I read as much as I could stand of the Acts & Facts article while having a late lunch that consisted of, fittingly, toast and beans. When it was mentioned that God rested on the seventh day, for the first time it occurred to me that an all-powerful being (he is supposed to be one, isn't he?) shouldn't need to rest. I'm sure I'm not the first to think of this by any means, but I haven't heard it discussed. I wonder if the apology for this is represented by the term "divine rest" that was in the article.

Meanwhile, this sentence cropped up: "This view must be rejected out of hand as a direct contradiction to the inerrancy and infallibility of Scripture." It's funny, I know that they think this way, but seeing it put so flatly makes my beans want to reemerge. Too bad I can't unread that sentence instead.

BTW, why is "Scripture" capitalized?

Zeno said...

"Scripture" is usually capitalized because it's a proper noun: the name of a very specific thing. But, admittedly, sometimes people lowercase it as "scripture" because they are referring merely to religious writings (but even then it's usually clear that the references are to the Hebrew Bible [Old Testament] or the Christian addendum known as the New Testament).

Capitalization is practiced much less than it used to be. I recall when it was standard to use "President" instead of "president," but modern American English shies away from frequent use of uppercase. Things change. (I see, however, that The Times of London still favors "Prime Minister.")

Kathie said...

The capitalization issue reminds me of the time we intermediate students challenged our Portuguese TA in class after she'd marked all of us down one point on a written translating assignment for rendering the word "Dil├║vio" as "flood" in the generic sense of inundation, rather than as "The Flood" in the sense of Noah.

The TA had a full-scale mutiny on her hands in class after several of us showed her that our various Portuguese-English dictionaries listed the meaning only as "flood" and "deluge. She was nonetheless unmoved, contending that we ought to have known that when the word is capitalized in Portuguese it can only refer to Noah's flood.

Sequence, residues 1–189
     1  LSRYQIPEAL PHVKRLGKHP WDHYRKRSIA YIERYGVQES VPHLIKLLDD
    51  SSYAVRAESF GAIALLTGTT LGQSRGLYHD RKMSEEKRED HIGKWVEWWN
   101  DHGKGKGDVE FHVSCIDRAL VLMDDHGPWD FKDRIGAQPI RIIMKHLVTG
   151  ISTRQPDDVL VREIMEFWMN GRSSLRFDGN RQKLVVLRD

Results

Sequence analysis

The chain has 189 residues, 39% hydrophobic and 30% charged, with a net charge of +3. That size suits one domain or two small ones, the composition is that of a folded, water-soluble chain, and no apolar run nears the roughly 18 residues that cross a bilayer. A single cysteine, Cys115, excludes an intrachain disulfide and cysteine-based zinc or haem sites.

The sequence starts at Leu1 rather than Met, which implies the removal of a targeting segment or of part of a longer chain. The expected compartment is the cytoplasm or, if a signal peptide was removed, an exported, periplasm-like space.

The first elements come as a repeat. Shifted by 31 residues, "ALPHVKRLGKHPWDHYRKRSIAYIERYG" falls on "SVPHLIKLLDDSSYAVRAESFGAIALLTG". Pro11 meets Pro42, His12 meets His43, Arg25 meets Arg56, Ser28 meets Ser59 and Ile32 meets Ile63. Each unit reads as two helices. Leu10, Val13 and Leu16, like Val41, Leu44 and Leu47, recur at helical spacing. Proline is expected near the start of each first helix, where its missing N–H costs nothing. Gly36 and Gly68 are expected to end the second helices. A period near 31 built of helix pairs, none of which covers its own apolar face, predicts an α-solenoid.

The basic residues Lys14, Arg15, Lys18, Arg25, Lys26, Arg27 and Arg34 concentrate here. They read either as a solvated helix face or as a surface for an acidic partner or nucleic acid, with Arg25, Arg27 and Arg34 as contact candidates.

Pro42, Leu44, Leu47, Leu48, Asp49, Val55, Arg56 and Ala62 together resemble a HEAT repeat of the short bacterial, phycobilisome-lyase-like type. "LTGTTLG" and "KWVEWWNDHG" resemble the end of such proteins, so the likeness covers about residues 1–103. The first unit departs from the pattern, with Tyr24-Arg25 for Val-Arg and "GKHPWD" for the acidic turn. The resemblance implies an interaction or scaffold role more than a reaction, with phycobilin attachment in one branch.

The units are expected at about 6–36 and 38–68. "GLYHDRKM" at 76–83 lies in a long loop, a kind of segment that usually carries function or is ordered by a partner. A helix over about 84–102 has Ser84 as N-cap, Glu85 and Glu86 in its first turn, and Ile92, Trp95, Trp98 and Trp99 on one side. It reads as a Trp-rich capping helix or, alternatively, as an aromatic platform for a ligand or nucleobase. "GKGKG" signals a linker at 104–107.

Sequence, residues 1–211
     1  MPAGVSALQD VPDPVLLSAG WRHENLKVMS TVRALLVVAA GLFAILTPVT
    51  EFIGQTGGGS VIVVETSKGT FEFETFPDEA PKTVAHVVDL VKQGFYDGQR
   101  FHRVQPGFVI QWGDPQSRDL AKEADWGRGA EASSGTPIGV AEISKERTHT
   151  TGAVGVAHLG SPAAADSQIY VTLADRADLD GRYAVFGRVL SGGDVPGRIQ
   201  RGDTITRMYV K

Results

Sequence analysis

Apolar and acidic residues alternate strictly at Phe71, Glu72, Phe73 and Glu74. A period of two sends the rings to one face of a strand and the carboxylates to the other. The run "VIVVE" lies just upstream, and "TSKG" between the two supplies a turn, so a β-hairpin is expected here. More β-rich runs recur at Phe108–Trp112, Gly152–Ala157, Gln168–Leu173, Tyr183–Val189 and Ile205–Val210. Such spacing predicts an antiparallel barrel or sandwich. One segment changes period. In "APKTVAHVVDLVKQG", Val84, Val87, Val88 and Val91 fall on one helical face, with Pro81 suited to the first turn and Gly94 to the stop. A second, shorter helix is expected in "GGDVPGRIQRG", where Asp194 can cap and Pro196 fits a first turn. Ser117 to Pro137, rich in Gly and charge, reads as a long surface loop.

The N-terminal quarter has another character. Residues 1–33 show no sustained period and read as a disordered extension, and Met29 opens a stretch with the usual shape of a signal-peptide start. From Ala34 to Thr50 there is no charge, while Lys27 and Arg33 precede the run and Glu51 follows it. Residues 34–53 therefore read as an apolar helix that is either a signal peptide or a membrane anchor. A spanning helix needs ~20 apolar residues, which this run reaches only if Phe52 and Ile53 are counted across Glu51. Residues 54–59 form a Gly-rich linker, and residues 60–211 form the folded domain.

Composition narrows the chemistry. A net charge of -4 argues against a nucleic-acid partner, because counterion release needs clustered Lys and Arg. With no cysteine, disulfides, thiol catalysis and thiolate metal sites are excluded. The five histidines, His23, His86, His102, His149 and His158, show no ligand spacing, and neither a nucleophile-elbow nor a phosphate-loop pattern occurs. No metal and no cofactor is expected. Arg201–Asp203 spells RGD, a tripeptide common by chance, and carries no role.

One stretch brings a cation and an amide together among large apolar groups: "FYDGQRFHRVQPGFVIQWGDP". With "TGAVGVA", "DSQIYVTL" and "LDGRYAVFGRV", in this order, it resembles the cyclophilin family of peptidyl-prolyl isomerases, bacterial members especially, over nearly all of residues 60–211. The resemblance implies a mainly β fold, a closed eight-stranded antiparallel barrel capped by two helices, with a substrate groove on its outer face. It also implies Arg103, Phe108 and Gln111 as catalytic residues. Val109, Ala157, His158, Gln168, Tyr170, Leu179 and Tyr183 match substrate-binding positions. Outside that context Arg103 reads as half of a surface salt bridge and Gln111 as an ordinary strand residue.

I suspect that because our TA was a Brazilian who had grown up during the ditadura, she had been educated in an environment where students were never allowed to challenge a teacher's authority, so she took umbrage at our spontaneous display of the American sense of fair play.

Zeno said...

I strongly suspect you're right, Kathie. (Although a mere TA is expecting a lot if she expects the deference due a professor!)

Where did you study Portuguese? I never have and what I know is the remnant of childhood exposure.

Kathie said...

Zeno, I have a fairly low threshhold for the amount of personal info I post online (a stance I assume you understand, since you've exercised your right not to use your real name on this blog!). So with your forbearance, I'd prefer to answer your questions off-line in an email (if it's any reassurance, I didn't study Portuguese in California). Thanks for your understanding.

Zeno said...

Of course, Kathie, I entirely understand. That's what my e-mail address is for anyway.

The Ridger, FCD said...

But I think if I ran across "the Flood" in English, I'd know it meant the Noah one. (Of course, I know nothing about Portuguese capitalization usage.) Just as I get a jar when I see a line like this:

Today I watched the greatest thing of all
A flock of birds, preparing for the Fall

Since I don't capitalize the seasons, my first thought (despite actually knowing the song pretty well) was the Fall from Eden...

Zeno said...

It suggests, Ridger, that the birds were in on it from the beginning -- but the serpent persuaded them not to blab to the humans about his plans.

Kathie said...

Zeno and Ridger, I thought birds evolved from reptiles, making them all just kissin' cousins, right?